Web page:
Quick Takes: Patriot Act Fallout, N. Dakota Wins Round and Newberry Gives Up on Team Names, Sorority Arrests, Donor Withdraws $20M, Capella IPO, Georgetown Students' Religion, Ala. Sues Artist, Lafayette Bars Sudan Stocks, Sale of Painting Stuns Philly
Submitted by Doug Lederman on November 13, 2006 - 4:00am
Some Canadian universities are restructuring their relationships with research databases in the United States out of fear that participation could make professors vulnerable to monitoring by U.S. authorities through the Patriot Act, The Globe and Mail reported. The Canadian institutions are trying to make sure that their professors' records appear only on Canadian servers, such as one being used for this purpose at the University of Toronto.
A state judge has granted the University of North Dakota an injunction barring the National Collegiate Athletic Association from taking action against against the university over its Fighting Sioux team name and logo, the Associated Press reported. The ruling has yet to be released formally, and the NCAA told the AP that it would continue to push for the end of such names. The NCAA's campaign has been praised by many civil rights and Indian groups, but has been opposed by most colleges with Indian names. North Dakota has been particularly outspoken in defending its team name and symbol (visible in upper left of this Web page). Newberry College, in South Carolina, on Friday announced an agreement with the NCAA under which the college will examine its Indian nickname and have a new one in place by the fall of 2008.
Four current students and one former student at Plymouth State University were arrested last week on charges related to the alleged hazing of sorority members, the university announced. Few details about the arrests and the underlying incidents have been revealed, so as not to compromise the police investigation. But Plymouth State officials said they began cooperating with law enforcement authorities after several students came forward with allegations about possible hazing. University officials reacted aggressively, in part, because of a 2003 hazing incident in which a student was killed.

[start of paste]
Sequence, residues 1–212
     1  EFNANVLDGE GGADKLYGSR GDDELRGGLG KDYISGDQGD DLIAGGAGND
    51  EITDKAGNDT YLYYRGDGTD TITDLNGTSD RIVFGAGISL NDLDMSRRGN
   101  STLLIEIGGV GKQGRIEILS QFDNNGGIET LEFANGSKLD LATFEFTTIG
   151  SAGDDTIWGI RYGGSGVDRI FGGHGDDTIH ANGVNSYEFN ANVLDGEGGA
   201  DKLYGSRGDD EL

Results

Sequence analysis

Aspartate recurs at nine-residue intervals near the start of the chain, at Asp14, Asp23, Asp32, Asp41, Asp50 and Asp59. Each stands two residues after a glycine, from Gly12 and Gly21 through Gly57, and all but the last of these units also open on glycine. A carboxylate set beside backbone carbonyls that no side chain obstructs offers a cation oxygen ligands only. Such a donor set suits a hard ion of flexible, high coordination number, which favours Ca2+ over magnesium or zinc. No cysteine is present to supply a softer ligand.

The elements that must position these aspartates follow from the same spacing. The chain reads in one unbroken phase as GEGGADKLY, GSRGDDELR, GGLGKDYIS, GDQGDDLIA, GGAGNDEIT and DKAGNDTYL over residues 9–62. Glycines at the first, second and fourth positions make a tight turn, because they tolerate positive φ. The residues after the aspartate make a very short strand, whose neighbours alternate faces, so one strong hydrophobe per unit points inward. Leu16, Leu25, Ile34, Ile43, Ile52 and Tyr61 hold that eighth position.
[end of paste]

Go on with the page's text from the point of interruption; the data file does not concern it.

A donor has withdrawn his $20 million gift to Florida International University -- the largest donation in the institution's history -- because he felt insulted in a telephone conversation with President Modesto A. Maidique, The Miami Herald reported. Herbert Wertheim's gift had earned him naming rights to Florida International's new medical school, but in negotiations last week over a payment schedule for the gift, Maidique reportedly told Wertheim that he was getting the naming rights "on the cheap" and that the university could now get $100 million for that honor, according to the Herald.
Capella Education's initial public offering on Friday sent its stock up by about 25 percent, The Pioneer Press reported.
Nine Georgetown University students who live in a $2.4 million house owned by one of their parents have gotten around local zoning limits on the number of unrelated residents who can live in a house by registering as a religious organization, according to The Washington Post. The neighbors are furious, alleging that the "Apostles of O'Neill," as their nonprofit group is called, merely want to throw parties.
The University of Alabama has filed a trademark infringement lawsuit against a sports artist whose paintings have immortalized many of the most famous moments in the university's storied football history, The New York Times reported. Daniel A. Moore appears to have prodded Alabama officials into their aggressive defense of intellectual property by affixing his paintings, some of which appear in university's Paul W. Bryant Museum, to coffee mugs and calendars. Many observers think the lawsuit is a bad idea, the Times reported. “This lawsuit is the equivalent of the Catholic Church suing Michelangelo for painting the Sistine Chapel,” said Keith Dunnavant, an Alabama alumnus and the author of Coach: The Life of Paul "Bear" Bryant.
Lafayette College has become the latest institution to protest the genocide in Darfur by ordering its investment managers to avoid holdings in companies with ties to the government in Sudan.
Thomas Jefferson University has stunned the Philadelphia art world by agreeing to sell the classic Thomas Eakins painting " The Gross Clinic" to the National Gallery of Art and the Crystal Bridges Museum of American Art for $68 million. The university said that the sale would allow for improvements of its facilities and educational programs. Philadelphia arts institutions are being given 45 days to match the offer, in which case the painting would remain in Philadelphia.